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  15. 32

    IMO, we’re still way too early. Personal pages — yes but professional work IMO is not prime-time yet. If you can devote time to monitoring your CSS3 websites and makes changes as necessary fine – but really? now? You have time for those headaches? You want to manage an extra IE stylesheet?

    0
    • 33

      I think it’s a great time to use CSS3 but I also agree that while because it still isn’t prime-time, we should really not try to overuse it. There are some great uses for it now though!

      0
  16. 34

    Nice examples, personally I don’t see any reason why one shouldn’t use CSS3. I used css3 borders and it really saved my time (and bandwidth).

    0
  17. 35

    With things like border-radius, the last statement in your declaration should be the standard spec. THis way, when vendor specifics are dropped, your style will still render.

    As per the above example:

    -khtml-border-radius: 20px;
    -moz-border-radius: 20px;
    -webkit-border-radius: 20px;
    border-radius: 20px;

    When -khtml, -moz and -webkit are dropped, the correct style is still there and works.

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  18. 37

    I agree that CSS3 is something we can begin using today, but I have to echo some of the other comments here that visual effects like border-radius and box-shadow, while very helpful and a substantial time saver for us all, are just the start of what CSS3 can offer. Sadly, those visual effects seem to get the most attention.

    New selectors that will allow us to create cleaner, leaner markup and still hook into what we need to use CSS to provide styling, as well as the ability to enhance the user experience through behaviors and animation effects currently residing in the world of Flash or Javascript are two other aspects of CSS3 that are very exciting and could potentially impact our work in a much more profound way than border-radius will.

    Don’t get me wrong, I love border-radius and now that I use CSS3 for that effect, there is no going back, but there is so much more to CSS3 that we should be excited about and using today!

    0
    • 38

      Hey Jeremy, I definitely agree with you about the uses of CSS3. There are definitely a lot more uses that we can start implementing today, but as Kevin mentioned, he barely just scratched the surface with this post and he just wanted to explain that we can already start using it today.

      We would definitely love to see a more in-depth post of it, and we might even do one in the future.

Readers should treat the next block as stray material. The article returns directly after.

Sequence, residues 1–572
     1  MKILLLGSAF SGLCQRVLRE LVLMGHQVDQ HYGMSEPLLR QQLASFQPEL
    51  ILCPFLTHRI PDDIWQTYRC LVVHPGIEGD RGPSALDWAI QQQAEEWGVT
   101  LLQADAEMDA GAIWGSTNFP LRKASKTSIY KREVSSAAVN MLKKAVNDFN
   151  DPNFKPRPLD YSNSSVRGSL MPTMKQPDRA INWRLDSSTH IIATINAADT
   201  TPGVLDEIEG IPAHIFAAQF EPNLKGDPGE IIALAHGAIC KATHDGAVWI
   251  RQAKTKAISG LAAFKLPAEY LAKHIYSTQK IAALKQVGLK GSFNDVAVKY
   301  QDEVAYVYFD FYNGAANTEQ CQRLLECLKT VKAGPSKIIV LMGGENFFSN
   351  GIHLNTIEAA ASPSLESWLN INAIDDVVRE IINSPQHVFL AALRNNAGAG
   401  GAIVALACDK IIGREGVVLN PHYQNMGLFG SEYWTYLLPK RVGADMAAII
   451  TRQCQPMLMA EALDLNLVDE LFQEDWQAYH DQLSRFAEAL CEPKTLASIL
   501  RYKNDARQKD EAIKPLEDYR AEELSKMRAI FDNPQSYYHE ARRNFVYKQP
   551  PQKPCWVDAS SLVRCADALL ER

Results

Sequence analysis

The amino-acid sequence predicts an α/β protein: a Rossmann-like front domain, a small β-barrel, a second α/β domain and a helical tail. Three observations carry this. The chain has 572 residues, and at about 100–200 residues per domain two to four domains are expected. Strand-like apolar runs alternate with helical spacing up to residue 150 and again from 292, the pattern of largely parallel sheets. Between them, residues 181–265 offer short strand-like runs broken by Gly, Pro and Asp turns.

0
  19. 39

    Great article. I think you should rename the article “You Should Use CSS3 Right Now”.

    0
  20. 41

    it’s nice, thanks for that !!!!

    0
  21. 42
  22. 43

    Extremely useful. Thanks for sharing.

    0
  23. 44

    unfortunately most users still use IE & oftenly we are not the ones who can decide whether to use degration or not so unfortunately we cannot use CSS3 for quite a long time unless someone can kixx Microsofts buttons

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  24. 46

    Interesting article, but it takes too hard of a line I think and lacks some information that would make CSS3 a truly viable prospect. Internet explorer is indeed the worst web browser ever built, but its got some hidden tricks in its more recent versions (IE7+). Many (not all) of the pseudo-selectors such as :first-child, attribute value selectors, and even the coveted :hover on non “a” tag elements are available. Beyond this, Microsoft has had numerous filter methods in place sine IE5.5 for gradient backgrounds, a good enough shadow implementation, a hard edge drop shadow, opacity support, and even some minor CSS transformation.

    So, do a little looking around IE filters, and write those IE conditionals to include IE only stylesheet alternatives before looking at bloating a page with yet another JavaScript library or writing off CSS3 as a viable means of creating websites. The biggest enemy to moving forward isn’t necessarily all versions of IE, but primarily IE6 and I highly recommend that we all encourage those users to catch up to modern times rather than feed into support for a dead browser.

    0
    • 47

      Hey Dave, well said. Personally, I’ve never looked much into IE and it’s filters. Maybe you should write a tutorial on it? I’m sure more people would be interested in reading and learning more about it.

      0
  25. 48

    I think cutting off support for IE is a mistake. This is a nice article and I have taken some information from it that will be useful to me, so I thank you for that. I am from a rural area and see a lot higher percentage of people using ie than any other format out there so for me to survive locally I HAVE to design for ie6.

    Keep up the good work.

    K

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  26. 49

    Nice post, CSS3 and HTML5 are definitely the future, IE6 is dead, we should start to use them now !!!

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  27. 50

    Thanks for this article. I am already using box-shadow on many websites I code.

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  28. 51

    I know what you mean Josh. But that was before, it was a little enjoyable but also, sometimes, it can just be downright annoying when you are trying to fix a bug and you just can’t find a solution to it.

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  29. 52

    You’re welcome Arjun. I never heard of Modernizr as well until this post. A big thank you to Kevin!

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  30. 53

    Definitely! I really can’t wait until all browsers start supporting HTML5 and CSS3 and they become the standard. That would be really awesome!